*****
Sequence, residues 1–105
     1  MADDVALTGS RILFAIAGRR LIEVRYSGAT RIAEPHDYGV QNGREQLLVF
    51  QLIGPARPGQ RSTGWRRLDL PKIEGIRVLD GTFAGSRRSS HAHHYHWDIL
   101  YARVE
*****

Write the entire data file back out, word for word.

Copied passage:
Sequence, residues 1–105
     1  MADDVALTGS RILFAIAGRR LIEVRYSGAT RIAEPHDYGV QNGREQLLVF
    51  QLIGPARPGQ RSTGWRRLDL PKIEGIRVLD GTFAGSRRSS HAHHYHWDIL
   101  YARVE